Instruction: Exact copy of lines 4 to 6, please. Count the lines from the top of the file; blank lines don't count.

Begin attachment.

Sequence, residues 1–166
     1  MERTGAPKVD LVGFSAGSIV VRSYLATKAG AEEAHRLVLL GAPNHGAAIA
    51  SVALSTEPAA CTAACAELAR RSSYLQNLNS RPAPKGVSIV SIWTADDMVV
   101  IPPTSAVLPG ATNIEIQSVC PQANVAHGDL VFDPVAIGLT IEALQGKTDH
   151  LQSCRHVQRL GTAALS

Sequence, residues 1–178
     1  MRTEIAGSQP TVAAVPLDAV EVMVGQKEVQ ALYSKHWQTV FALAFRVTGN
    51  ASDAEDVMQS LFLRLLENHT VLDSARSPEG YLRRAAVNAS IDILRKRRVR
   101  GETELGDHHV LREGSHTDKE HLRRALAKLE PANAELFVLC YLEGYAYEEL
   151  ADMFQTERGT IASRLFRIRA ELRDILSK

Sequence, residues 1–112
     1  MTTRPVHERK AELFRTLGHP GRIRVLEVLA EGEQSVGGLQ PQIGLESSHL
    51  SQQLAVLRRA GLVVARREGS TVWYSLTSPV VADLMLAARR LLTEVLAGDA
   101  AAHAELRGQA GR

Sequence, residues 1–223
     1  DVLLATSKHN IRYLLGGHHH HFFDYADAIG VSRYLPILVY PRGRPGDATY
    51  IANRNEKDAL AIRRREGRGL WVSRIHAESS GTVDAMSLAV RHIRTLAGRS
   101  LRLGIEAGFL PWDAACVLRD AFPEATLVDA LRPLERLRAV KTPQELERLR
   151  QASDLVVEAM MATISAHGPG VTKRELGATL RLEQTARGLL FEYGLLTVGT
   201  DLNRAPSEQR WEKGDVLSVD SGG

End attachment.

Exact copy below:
   101  IPPTSAVLPG ATNIEIQSVC PQANVAHGDL VFDPVAIGLT IEALQGKTDH
   151  LQSCRHVQRL GTAALS

Sequence, residues 1–178